Heart Failure in Type 2 Diabetes Mellitus.
Authors Kenny HC, Abel ED
Submitted By Submitted Externally on 4/8/2019
Status Published
Journal Circulation research
Year 2019
Date Published 1/1/2019
Volume : Pages 124 : 121 - 141
PubMed Reference 30605420
Abstract Patients with diabetes mellitus have >2× the risk for developing heart failure
(HF; HF with reduced ejection fraction and HF with preserved ejection fraction).
Cardiovascular outcomes, hospitalization, and prognosis are worse for patients
with diabetes mellitus relative to those without. Beyond the structural and
functional changes that characterize diabetic cardiomyopathy, a complex
underlying, and interrelated pathophysiology exists. Despite the success of many
commonly used antihyperglycemic therapies to lower hyperglycemia in type 2
diabetes mellitus the high prevalence of HF persists. This, therefore, raises
the possibility that additional factors beyond glycemia might contribute to the
increased HF risk in diabetes mellitus. This review summarizes the state of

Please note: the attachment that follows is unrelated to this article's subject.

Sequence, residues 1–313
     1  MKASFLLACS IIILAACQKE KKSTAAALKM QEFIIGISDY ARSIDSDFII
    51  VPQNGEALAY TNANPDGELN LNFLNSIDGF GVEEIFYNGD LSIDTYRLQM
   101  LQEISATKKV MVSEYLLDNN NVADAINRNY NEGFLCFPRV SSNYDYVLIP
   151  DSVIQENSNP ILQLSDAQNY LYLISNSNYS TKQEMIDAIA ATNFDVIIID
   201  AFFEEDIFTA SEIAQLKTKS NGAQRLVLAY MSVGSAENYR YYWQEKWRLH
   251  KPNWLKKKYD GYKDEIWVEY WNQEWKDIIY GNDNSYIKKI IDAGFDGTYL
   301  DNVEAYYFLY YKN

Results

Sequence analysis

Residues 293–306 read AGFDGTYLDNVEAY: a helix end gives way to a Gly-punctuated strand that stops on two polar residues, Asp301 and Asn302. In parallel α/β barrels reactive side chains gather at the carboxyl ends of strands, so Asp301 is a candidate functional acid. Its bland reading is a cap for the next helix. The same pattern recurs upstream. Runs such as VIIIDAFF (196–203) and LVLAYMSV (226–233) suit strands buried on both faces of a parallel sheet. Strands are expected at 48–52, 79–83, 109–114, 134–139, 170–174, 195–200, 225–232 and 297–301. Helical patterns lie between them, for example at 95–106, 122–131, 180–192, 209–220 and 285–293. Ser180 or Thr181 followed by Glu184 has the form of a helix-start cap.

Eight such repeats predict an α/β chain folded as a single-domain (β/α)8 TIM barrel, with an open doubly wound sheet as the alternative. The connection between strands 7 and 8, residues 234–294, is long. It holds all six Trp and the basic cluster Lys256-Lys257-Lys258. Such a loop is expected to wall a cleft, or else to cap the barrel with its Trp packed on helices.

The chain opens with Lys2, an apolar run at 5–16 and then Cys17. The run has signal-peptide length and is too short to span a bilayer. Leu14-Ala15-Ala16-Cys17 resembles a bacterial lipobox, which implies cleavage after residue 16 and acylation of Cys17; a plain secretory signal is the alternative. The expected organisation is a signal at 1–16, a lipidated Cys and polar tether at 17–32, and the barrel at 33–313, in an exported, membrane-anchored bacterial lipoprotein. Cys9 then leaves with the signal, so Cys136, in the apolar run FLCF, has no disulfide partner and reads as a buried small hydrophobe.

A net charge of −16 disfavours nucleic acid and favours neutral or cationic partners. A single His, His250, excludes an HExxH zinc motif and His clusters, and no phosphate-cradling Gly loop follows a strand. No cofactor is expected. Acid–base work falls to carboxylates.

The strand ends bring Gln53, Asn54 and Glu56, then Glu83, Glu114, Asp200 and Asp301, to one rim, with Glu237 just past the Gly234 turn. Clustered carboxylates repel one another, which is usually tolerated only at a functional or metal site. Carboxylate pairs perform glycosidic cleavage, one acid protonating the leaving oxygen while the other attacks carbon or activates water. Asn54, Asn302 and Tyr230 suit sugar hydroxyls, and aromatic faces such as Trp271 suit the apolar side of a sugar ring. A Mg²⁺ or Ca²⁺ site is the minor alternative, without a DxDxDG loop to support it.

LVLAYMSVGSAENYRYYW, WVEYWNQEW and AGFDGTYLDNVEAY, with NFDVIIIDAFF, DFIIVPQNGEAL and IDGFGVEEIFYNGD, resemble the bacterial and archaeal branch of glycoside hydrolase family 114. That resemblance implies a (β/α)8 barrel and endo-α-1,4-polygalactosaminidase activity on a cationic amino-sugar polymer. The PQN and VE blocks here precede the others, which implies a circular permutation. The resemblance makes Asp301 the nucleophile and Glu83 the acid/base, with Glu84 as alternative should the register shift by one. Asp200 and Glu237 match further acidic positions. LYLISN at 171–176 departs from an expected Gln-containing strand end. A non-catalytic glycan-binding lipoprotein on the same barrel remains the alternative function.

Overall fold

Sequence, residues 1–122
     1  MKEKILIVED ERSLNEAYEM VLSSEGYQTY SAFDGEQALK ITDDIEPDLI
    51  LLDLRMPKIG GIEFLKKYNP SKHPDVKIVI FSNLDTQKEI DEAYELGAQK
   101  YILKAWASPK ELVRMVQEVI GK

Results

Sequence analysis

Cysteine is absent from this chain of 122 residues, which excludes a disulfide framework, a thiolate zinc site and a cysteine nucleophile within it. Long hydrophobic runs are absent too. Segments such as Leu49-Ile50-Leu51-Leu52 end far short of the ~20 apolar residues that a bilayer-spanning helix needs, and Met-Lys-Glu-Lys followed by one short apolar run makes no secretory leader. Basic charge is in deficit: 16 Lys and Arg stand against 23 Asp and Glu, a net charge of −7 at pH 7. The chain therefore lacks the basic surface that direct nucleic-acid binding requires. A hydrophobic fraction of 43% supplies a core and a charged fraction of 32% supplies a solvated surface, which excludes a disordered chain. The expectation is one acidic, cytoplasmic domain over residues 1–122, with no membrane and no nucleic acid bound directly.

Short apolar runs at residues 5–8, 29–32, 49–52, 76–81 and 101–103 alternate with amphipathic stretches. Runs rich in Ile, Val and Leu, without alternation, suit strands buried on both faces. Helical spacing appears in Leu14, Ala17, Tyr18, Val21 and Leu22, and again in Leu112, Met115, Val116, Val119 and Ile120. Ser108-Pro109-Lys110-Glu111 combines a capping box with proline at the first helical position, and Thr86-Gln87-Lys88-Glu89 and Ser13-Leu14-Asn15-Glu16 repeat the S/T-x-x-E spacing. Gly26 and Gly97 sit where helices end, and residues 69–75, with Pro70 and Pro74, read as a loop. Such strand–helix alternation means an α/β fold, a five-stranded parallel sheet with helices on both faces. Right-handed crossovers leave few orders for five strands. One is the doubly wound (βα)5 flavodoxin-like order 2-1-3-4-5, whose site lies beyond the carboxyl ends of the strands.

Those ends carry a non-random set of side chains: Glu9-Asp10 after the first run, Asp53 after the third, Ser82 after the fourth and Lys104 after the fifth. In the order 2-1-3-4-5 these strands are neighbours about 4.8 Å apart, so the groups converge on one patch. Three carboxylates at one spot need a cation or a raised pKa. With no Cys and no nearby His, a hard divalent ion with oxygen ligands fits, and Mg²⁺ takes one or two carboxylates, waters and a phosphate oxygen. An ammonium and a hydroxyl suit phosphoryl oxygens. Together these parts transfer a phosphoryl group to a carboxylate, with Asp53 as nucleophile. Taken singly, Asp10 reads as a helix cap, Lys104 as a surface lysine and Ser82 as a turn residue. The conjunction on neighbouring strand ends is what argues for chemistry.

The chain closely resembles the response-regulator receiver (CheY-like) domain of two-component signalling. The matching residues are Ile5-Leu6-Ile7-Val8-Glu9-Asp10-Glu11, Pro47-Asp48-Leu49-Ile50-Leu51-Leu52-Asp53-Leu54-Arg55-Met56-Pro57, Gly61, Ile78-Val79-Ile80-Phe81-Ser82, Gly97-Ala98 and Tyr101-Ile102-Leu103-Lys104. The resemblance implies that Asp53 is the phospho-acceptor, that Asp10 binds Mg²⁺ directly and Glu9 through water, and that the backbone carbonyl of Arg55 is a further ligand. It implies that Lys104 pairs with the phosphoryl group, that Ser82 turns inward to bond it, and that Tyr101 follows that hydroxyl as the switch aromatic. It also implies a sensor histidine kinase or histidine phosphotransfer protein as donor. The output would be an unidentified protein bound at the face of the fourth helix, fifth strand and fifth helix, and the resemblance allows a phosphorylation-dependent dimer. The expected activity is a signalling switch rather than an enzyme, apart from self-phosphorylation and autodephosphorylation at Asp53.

knowledge about the impact of existing antihyperglycemic therapies on HF and
discusses potential mechanisms for beneficial or deleterious effects. Second, we
review currently approved pharmacological therapies for HF and review evidence
that addresses their efficacy in the context of diabetes mellitus. Dysregulation
of many cellular mechanisms in multiple models of diabetic cardiomyopathy and in
human hearts have been described. These include oxidative stress, inflammation,
endoplasmic reticulum stress, aberrant insulin signaling, accumulation of
advanced glycated end-products, altered autophagy, changes in myocardial
substrate metabolism and mitochondrial bioenergetics, lipotoxicity, and altered
signal transduction such as GRK (g-protein receptor kinase) signaling, renin
angiotensin aldosterone signaling and ß-2 adrenergic receptor signaling. These
pathophysiological pathways might be amenable to pharmacological therapy to
reduce the risk of HF in the context of type 2 diabetes mellitus. Successful
targeting of these pathways could alter the prognosis and risk of HF beyond what
is currently achieved using existing antihyperglycemic and HF therapeutics.